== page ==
Thursday, December 19, 2013

Starting a Job You Can't Finish

When we bought our new home, there was a low-lying deck that ran along one side of our farmhouse.  It was in desperate need of fresh paint but otherwise was in good condition.  Unfortunately for us, it really didn't suite the space it occupied on our property.  Nor did it mesh well with the rustic charm of our 19th century farmhouse.  On top of this, the previous owners had closed off the entryway that had led directly onto the deck when they enlarged and remodeled our kitchen.  As a result, in order to get to it, you had go out the backdoor and walk around to this side of the house.  It didn't take us long to realize that the deck would eventually have to go, although a project like this remained relatively low on my list of home and gardening projects to take on in the near future. 

What used to be our deck.
Another view of our old deck.
Fast forward to this past October, my husband woke up one Saturday morning, took one look at the deck and decided that it would be a good day to tear it down.  Being the ever supportive spouse, I gave him a skeptical look and asked if he was sure.  He said yes and confidently stated that it would probably only take him about an hour to get the job done.  I grinned and wished him well as I had my own chores to do.

Removing the deck really opened up this space.
Four grueling hours later, the deck was finally gone.  In the end, it took two husbands (mine and our axe wielding neighbor Bryan) and agreat deal of sweat to demolish the darn thing.  Apparently this deck was built to withstand not only the test of time, but also two grown men with large crowbars.  

When the dust finally settled, we were left with a lot of debris and a blank canvas of sorts.  I have to admit that I was glad to see the deck gone.  On the other hand, it didn't take me very long to ask the question - So now what?  In retrospect, it would have been nice if we had a plan already in place for this space or at least a basic idea of what we wanted.  Instead, I've now accepted the fact that this area will most likely remain a "work in progress" for at least the next few years.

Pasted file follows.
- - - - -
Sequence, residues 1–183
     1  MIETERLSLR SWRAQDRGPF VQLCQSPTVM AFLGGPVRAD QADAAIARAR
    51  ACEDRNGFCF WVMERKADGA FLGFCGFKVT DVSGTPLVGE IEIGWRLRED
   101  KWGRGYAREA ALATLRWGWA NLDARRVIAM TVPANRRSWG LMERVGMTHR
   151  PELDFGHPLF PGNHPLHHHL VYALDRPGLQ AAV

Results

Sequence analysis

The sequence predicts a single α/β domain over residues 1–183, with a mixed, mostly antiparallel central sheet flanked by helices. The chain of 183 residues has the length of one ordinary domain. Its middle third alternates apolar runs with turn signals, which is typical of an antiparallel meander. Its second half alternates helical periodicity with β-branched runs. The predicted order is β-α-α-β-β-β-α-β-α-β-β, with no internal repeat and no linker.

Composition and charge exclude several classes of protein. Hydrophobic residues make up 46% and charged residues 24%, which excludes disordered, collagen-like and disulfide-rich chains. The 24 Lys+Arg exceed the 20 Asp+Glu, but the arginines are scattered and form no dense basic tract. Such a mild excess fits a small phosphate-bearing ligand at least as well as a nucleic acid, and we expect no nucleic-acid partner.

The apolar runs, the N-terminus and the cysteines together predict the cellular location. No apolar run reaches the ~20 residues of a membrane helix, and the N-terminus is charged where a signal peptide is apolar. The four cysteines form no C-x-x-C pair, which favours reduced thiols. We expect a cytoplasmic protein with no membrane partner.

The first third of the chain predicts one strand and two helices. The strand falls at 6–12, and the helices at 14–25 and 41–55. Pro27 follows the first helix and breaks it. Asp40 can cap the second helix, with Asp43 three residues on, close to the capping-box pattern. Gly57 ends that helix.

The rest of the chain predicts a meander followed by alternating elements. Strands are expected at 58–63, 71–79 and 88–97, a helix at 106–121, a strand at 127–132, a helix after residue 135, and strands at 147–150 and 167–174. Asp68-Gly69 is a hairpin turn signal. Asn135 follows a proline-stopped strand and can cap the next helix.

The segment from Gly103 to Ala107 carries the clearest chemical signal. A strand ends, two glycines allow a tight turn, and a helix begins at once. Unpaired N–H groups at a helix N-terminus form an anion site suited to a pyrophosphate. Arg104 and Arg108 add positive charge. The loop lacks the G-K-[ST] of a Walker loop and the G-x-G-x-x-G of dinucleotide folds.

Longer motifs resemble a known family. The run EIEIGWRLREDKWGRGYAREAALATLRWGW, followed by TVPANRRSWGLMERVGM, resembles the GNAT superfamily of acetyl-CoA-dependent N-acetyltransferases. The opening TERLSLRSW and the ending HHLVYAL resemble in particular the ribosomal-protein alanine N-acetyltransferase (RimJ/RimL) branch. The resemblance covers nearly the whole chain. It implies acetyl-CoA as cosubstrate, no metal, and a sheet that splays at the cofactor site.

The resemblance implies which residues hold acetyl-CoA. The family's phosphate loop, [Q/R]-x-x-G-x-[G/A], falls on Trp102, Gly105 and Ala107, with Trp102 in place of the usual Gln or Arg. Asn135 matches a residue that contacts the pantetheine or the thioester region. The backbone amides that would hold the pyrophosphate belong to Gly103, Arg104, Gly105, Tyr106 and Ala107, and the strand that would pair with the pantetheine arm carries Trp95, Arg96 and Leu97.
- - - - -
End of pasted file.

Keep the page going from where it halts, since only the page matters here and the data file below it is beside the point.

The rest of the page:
Note to self - It's never a good idea to dig a big hole, throw a bunch of rocks in, fill it with cement, and then cap it all off with a 40lb concrete block. There has be a better way to create footings for a deck that only sits a foot above the ground.  Unfortunately for us, we were left with twelve of these beauties, several of which remain unmoved for the ages. 

A basic planting bed now sits along this side of the house.
Since the deck was removed, I did find the time to create a basic planting bed that runs along this side of the house.  Eventually, I think I'd like to install a very wide and natural looking flagstone walkway, laden with creeping thyme, evergreen shrubs and flowering perennials, which would then lead to a large rose arbor that opens up to the backyard.  Until then, there will be plenty of dirt and mud here to knock about. 


  1. I know those kinds of projects, I've got a few myself!

  2. I always think the same thing when people pour concrete into everything. Oh how hard to get it all out when you are done with it.

    I always wanted a rose arbor too. So when we moved into this house I put up and arch over the entry way to the garden. The rose has been slow growing as it was put on the shady side of the arbor, but after three years of pruning to the longer canes and keeping the side canes out it finally reached over the top of the arbor. I can't wait to see it bloom.